The Word-of-Mouth. Judging by the grades at CinemaScore, audiences pretty much agreed with the critics on both films. They gave "Light" a B+, which is just a so-so grade at CinemaScore, and "Morgan" a C+, which is dismal. So it's not likely that ticketbuyers strongly recommended either movie to their friends.
The Casting. Yes, Michael Fassbender is an "X-Men" franchise star with two Oscar nominations to his credit, Alicia Vikander is a rising star who won her first Oscar earlier this year, and Rachel Weisz is a past Oscar-winner, too. Yet not even the real-life romance that flourished between Fassbender and Vikander on the "Light" set was enough to sell the movie. None of these performers is a proven box office draw on his or her own, and none of them is a big enough name to overcome the movie's less-than-ideal reviews or word-of-mouth.Similarly, "Morgan" stars Kate Mara, Jennifer Jason Leigh, and Paul Giamatti are all acclaimed actors who've done well in ensemble casts; Michelle Yeoh is a big star in Asia with modest name recognition here, and young Anya Taylor-Joy (who plays the title character in "Morgan") made a big splash earlier this year in minor horror hit "The Witch." But again, none of these actors sell tickets in North America on their own.
The Age Factor. Prestige dramas tend to skew toward older audiences, but "Light," despite its PG-13 rating, seemed to go out of its way to spurn younger viewers. According to distributor Disney, the audience for the movie was 92 percent over the age of 25 and 44 percent over the age of 50. Oh, and 0 percent under 17. "Morgan," with a predominantly older cast, an R-rating for graphic violence, and a food-for-thought premise, also kept young viewers away. Of course, family audiences were busy watching "Pete's Dragon" and "Kubo" anyway.
The Wild Cards. Horror films aren't the only movies that have done unexpectedly well around Labor Day. So have Mexican imports, at least ever since Lionsgate's "Instructions Not Included" exploded at this time three years ago. This weekend, the distributor released Mexican comedy "No Manches Frida" on just 362 screens, but it pulled in an estimated $3.7 million, good for a 12th place debut and a mighty per-screen average of $10,083. That's about twice what "Don't Breathe" earned per theater, three times what "Light" averaged, and 11 times what "Morgan" averaged.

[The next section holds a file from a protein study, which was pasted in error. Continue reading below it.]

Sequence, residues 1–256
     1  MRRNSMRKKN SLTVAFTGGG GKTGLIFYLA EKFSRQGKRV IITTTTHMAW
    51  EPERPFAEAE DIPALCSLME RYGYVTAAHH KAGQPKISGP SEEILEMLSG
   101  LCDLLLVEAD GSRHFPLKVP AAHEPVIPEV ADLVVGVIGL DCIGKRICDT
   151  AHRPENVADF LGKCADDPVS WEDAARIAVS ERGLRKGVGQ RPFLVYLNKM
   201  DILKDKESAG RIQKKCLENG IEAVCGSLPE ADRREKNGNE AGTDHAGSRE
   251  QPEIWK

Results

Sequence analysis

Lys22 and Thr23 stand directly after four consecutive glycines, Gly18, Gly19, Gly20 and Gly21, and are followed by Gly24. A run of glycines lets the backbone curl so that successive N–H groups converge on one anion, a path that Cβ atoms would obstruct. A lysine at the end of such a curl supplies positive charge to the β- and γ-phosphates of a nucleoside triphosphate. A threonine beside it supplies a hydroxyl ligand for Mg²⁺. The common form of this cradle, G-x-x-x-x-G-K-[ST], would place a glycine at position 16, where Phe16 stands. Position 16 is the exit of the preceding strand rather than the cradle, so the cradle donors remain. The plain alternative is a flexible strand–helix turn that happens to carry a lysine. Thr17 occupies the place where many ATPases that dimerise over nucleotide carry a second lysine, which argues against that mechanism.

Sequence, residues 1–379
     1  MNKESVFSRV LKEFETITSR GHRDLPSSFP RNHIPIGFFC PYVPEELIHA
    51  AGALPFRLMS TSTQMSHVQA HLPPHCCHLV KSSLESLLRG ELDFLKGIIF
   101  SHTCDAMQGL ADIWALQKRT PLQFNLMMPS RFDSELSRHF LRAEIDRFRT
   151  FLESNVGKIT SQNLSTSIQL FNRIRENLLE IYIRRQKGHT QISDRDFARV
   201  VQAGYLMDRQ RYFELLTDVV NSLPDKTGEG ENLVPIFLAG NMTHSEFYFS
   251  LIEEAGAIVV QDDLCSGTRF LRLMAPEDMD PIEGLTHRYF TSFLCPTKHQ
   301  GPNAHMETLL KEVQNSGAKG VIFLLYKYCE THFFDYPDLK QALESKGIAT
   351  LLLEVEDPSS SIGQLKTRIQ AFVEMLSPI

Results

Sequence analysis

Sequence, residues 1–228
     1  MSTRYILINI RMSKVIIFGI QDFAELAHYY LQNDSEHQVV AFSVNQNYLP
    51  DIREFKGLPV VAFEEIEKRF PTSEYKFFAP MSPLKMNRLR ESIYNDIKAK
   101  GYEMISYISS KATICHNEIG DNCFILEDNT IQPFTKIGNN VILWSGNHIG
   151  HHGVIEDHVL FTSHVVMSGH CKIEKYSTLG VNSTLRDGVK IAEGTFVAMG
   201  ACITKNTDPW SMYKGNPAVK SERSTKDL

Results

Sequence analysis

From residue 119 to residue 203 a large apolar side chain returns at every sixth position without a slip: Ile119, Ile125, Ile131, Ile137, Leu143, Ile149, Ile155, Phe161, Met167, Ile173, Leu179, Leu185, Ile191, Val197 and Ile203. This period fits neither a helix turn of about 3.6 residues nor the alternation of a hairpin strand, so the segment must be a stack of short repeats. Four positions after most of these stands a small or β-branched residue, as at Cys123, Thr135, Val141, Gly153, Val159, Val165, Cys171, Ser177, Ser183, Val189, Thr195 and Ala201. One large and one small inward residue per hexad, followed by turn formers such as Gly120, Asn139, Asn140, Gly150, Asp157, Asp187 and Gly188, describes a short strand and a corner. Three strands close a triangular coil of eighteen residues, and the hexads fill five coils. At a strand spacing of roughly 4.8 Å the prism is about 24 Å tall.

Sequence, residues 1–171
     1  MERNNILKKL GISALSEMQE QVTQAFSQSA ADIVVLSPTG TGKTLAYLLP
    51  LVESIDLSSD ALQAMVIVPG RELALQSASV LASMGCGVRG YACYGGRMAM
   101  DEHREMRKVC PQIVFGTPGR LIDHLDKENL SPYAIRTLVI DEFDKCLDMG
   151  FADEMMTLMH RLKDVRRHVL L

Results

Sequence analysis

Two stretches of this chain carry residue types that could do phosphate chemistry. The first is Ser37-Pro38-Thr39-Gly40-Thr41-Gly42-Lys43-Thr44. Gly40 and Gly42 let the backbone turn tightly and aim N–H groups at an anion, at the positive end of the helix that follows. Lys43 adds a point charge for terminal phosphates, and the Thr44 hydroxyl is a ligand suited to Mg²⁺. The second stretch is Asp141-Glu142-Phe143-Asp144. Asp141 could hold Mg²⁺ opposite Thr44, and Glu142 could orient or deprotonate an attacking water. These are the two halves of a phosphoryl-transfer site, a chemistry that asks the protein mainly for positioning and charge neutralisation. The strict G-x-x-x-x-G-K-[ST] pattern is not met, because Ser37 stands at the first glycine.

But that wasn't the only surprise rival for this week's new wide releases. Several films that have been out for months added to their theater counts this weekend, hoping to squeeze the last few drops of summer enthusiasm from ticketbuyers. "Finding Dory" and ""Ghostbusters," both playing on only about 300 screens last week, expanded wide to more than 2,000 and more than 1,000 theaters, respectively, resulting in an additional $2 million or so for the 12-week-old "Dory" and about another $1 million for eight-week-old "Ghostbusters." "Ice Age: Collision Course," "Nerve," "Don't Think Twice," "Hillary's America," and "Independence Day: Resurgence," all of them at least six weeks old and sinking at the box office a week ago, all added screens this weekend and saw their sales increase over last week.
It's not all bad news for "Light" and "Morgan." Both movies were fairly cheap to make ("Light" cost a reported $20 million, "Morgan" just $8 million), and when overseas grosses come in, they should both at least break even. Still, returns like those are the reason Hollywood studios focus on sprawling action blockbusters instead of contemplative movies for grown-ups.